According to the Journal of Western Medicine, one of the chronic problems with the American medical system has been doctors’ tendency to practice in urban or suburban areas, leaving a dearth of medical care in rural ones. While nearly 20 percent of Americans live in rural areas, only 9 percent of physicians practice there. As a result, these people often suffer from lack of access to regular healthcare.
Enter the PA Distance Education Program offered through the University of Wisconsin School of Medicine and Public Health (UWSMPH), which uses a combination of techniques to educate future PAs committed to serving their home communities.
How the Program Works
The UW-Madison PA Distance Education Program is structured so that students can complete it in three years. It allows for part-time study, allowing future PAs to work while continuing their education. The first two years are didactic and the third consists of a series of clinical rotations which take place in the student’s own home community.
The program cannot be completed entirely from a distance. Students are expected to report to the Madison campus for a 10-week program at the start of their education, and then twice a semester for short overnight stays during the first two years. During the third year, they will visit campus after each clinical rotation. However, the program is designed so that time spent on campus is minimized, allowing students to achieve 80 percent of PA training from home.
With the exception of these visits, students will study using lectures and discussions provided through a video library and the UW course management system. This technology, combined with the fact that clinical hours take place in each student’s individual community, gives the program a unique blend of distant and very localized education.
Putting It in Context
It is not tremendously surprising that a program like this is coming out of the UWSMPH, which Becker’s Hospital Review consistently ranks in the top 10 for primary care. The school also has a proven commitment to family medicine and to training physicians and PAs who want to practice in underserved communities.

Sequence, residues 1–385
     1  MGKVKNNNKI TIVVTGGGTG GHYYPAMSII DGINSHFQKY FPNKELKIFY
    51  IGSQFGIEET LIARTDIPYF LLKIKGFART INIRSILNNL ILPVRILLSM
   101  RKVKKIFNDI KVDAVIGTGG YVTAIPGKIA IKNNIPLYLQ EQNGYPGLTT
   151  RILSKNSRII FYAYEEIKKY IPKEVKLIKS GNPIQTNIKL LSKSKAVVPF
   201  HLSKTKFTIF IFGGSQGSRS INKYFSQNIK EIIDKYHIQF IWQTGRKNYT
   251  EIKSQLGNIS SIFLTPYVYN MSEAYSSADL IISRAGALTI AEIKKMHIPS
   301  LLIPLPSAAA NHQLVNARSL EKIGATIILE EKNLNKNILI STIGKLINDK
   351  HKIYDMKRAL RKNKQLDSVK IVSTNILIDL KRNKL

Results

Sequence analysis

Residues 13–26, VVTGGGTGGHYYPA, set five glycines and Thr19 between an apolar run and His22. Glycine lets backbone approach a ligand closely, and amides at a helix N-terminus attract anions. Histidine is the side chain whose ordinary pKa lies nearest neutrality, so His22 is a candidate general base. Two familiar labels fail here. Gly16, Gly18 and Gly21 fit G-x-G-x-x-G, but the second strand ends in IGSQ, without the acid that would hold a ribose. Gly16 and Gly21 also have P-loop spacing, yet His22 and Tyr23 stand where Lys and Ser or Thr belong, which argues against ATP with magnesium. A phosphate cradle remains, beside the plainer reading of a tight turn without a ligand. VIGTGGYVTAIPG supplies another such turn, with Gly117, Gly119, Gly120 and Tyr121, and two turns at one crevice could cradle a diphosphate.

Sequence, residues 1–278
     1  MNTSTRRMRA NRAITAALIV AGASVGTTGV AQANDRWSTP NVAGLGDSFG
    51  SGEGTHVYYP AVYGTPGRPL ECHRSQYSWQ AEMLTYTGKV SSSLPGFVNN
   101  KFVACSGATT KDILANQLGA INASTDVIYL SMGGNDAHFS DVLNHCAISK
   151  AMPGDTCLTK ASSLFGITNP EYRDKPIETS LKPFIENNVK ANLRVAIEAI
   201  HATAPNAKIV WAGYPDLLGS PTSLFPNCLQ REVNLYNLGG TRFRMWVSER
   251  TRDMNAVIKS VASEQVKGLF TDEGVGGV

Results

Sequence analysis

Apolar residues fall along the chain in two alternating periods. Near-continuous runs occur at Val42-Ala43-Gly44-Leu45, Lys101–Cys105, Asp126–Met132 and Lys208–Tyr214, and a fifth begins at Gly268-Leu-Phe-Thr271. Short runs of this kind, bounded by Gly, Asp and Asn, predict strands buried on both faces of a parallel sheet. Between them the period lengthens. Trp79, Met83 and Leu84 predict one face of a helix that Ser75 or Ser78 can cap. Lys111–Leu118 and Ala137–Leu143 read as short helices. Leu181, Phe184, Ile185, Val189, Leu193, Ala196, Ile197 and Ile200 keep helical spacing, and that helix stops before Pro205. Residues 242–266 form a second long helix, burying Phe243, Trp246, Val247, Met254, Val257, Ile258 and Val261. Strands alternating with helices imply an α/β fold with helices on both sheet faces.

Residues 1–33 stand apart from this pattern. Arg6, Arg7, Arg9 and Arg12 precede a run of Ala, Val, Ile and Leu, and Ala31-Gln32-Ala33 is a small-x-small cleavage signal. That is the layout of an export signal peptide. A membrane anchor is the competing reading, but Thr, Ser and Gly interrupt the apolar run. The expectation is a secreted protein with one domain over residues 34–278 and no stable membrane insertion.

The University of Wisconsin opened its PA program in 1977 and later expanded it to include not only the distance education program, but also the wisPact program, which trains PAs to work in underserved areas of Wisconsin. Virginia Snyder, Ph.D., PA-C, the director of the PA program, notes that technology is at the heart of the program’s ability to expand. As she explains, professors can “teach courses in technology-enhanced classrooms,” adding that “students will participate in synchronous classroom experiences … as well as web-based learning in an asynchronous format.”
This new technology — and the educational possibilities it affords students in rural or remote areas — may well be helped by the new bill signed into law in Wisconsin this past March. According to the Badger Herald, the Midwestern State Authorization Reciprocity Law will lead to the formation of the Distance Learning Authorization Board, which will create an agreement with 36 other states to increase cooperation for distance learning across state borders and use the same combination of synchronous and asynchronous learning technology to do it.
The University of Wisconsin’s PA Distance Education program, along with new state laws aiming to further expand the use of educational technology, should help create a new generation of trained, qualified PAs who have deep ties to their home communities and are willing to practice in rural areas that continue to need better access to healthcare.